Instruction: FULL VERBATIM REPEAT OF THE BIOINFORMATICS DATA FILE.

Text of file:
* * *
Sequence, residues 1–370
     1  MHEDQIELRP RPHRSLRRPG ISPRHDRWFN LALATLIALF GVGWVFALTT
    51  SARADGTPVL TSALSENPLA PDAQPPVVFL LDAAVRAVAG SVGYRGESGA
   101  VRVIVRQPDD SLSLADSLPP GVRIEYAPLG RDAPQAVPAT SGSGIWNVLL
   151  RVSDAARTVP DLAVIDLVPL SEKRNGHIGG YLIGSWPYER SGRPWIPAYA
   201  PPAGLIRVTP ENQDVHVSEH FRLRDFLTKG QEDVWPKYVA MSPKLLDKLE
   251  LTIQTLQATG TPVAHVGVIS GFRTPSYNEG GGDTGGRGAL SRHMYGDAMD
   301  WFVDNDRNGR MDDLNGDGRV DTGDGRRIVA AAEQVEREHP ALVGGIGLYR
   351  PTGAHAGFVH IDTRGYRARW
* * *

Sequence, residues 1–370
     1  MHEDQIELRP RPHRSLRRPG ISPRHDRWFN LALATLIALF GVGWVFALTT
    51  SARADGTPVL TSALSENPLA PDAQPPVVFL LDAAVRAVAG SVGYRGESGA
   101  VRVIVRQPDD SLSLADSLPP GVRIEYAPLG RDAPQAVPAT SGSGIWNVLL
   151  RVSDAARTVP DLAVIDLVPL SEKRNGHIGG YLIGSWPYER SGRPWIPAYA
   201  PPAGLIRVTP ENQDVHVSEH FRLRDFLTKG QEDVWPKYVA MSPKLLDKLE
   251  LTIQTLQATG TPVAHVGVIS GFRTPSYNEG GGDTGGRGAL SRHMYGDAMD
   301  WFVDNDRNGR MDDLNGDGRV DTGDGRRIVA AAEQVEREHP ALVGGIGLYR
   351  PTGAHAGFVH IDTRGYRARW